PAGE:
April 2012 // Volume 50 // Number 2 // Research In Brief // 2RIB6
Use of Visuals for Food Safety Education of Spanish-Speaking Foodservice Workers: A Case Study in Iowa
Providing food safety training to an audience whose native language is not English is always a challenge. In the study reported here, minimal-text visuals in Spanish were used to train Hispanic foodservice workers about proper handwashing technique and glove use based on the 2005 Food Code requirements. Overall, results indicated that visuals influenced participant knowledge about proper handwashing and proper glove use as evidenced by increased knowledge scores. Extension personnel can use visuals to train a wide variety of audiences about food safety, nutrition, occupational safety, and other topics.
Food safety is a critical issue facing our food system. Every year, an estimated 9.4 million illnesses, 55,961 hospitalizations, and 1,351 deaths in the U.S. result from consumption of foods contaminated with known disease agents (Scallan et al., 2011b). An additional 38.4 million illnesses, 71,878 hospitalizations and 1,686 deaths are estimated to result from consumption of foods contaminated with unspecified agents (Scallan, Griffin, Angulo, Tauxe, & Hoekstra, 2011a). Many foodborne illnesses originate in foodservice establishments (Olsen, MacKinon, Goulding, Bean, & Slutsker, 2000). Improper cooking procedures, temperature abuse during storage, lack of hygiene and sanitation, cross-contamination between raw and fresh ready-to-eat foods, and acquiring food from unsafe sources are the five factors identified by the World Health Organization as common reasons for foodborne illness (World Health Organization, 2006). Since 59% percent of the reported outbreaks of food borne illness occur in retail foodservices (Vugia et al., 2008), it is important that food safety training and education be provided to food handlers employed in foodservice establishments.
Extension personnel are often providers of food safety training, notably food safety certification programs. Most food safety training and education programs are taught in a lecture format and have a primary objective of providing information to achieve certification. It is desirable that training and education be conducted such that it involves different training methods that tend to the needs of a diverse audience. According to the National Restaurant Association (2009), one of every four restaurant employees in 2006 was foreign born, with Mexico the dominant country of origin (40%), and an additional 10% from Central America; thus, 50% of foreign-born workers in the foodservice industry are from Spanish-speaking countries.
Rudder (2006) showed that language barriers and lack of knowledge and understanding of the principles of food safety were major barriers in promoting food safety. The use of different types of training methods and styles of communication such as story telling are considered to be especially important when training an audience whose native language is not English (Bermúdez-Millán, 2004). One of the methods for presenting information is "visuals" (videos, charts, or pictures). By being able to see the food safety concepts, the audience will be able to understand the food safety message better than they would with just lecture. The use of visuals in food safety training can create a non-threatening, informal atmosphere that can enhance learning as compared to a formal, stand-up presentation, which may be uncomfortable for some learners. Creative ways of training minority audiences can help Extension personnel reach a wide spectrum of individuals with varying levels of literacy and understanding of the English language.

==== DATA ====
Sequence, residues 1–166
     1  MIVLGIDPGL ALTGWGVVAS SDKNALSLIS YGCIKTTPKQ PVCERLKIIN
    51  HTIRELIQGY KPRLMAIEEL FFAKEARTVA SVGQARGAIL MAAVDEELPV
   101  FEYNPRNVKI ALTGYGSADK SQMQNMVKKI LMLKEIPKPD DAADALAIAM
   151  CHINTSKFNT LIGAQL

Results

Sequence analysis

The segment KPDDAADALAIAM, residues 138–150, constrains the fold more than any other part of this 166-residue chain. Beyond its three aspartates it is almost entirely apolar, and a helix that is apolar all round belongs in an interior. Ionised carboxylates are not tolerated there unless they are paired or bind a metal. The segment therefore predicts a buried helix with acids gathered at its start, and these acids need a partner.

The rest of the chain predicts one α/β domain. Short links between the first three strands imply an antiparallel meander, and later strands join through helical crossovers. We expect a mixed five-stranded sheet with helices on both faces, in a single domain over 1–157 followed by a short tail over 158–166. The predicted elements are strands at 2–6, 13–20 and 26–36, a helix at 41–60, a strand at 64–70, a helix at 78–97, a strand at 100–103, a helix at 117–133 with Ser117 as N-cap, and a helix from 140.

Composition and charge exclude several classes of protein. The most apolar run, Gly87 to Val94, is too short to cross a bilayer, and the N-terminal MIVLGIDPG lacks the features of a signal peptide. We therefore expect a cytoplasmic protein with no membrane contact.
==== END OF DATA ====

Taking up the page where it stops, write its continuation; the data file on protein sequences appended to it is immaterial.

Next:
One particular population that could benefit from this type of training is the immigrant Hispanic population. The Hispanic population is rapidly increasing in the United States and comprises over 15% of the population (U.S. Census Bureau, 2011). This change in composition of clients may present Extension educators with concerns about effective strategies to communicate information. Hispanic immigrants are employed in various with a significant number working in foodservice establishments and meat packing plants, because these jobs do not require prior work experience (U.S. Bureau of Labor Statistics, 2011).
A study by Stanifer (2008) found that health-code violations in ethnic owned restaurants averaged 2.2 critical violations and 4.7 non-critical violations, as opposed to 0.8 critical violations and non-critical 2.8 critical violations in non-ethnic owned restaurants in the United States. Because most workers in ethnic restaurants tend to be ethnic minorities, it seems logical that providing training in a person's native language with simple tools and visual aids will assist in getting the message across and encouraging behavior change.
Purpose and Objectives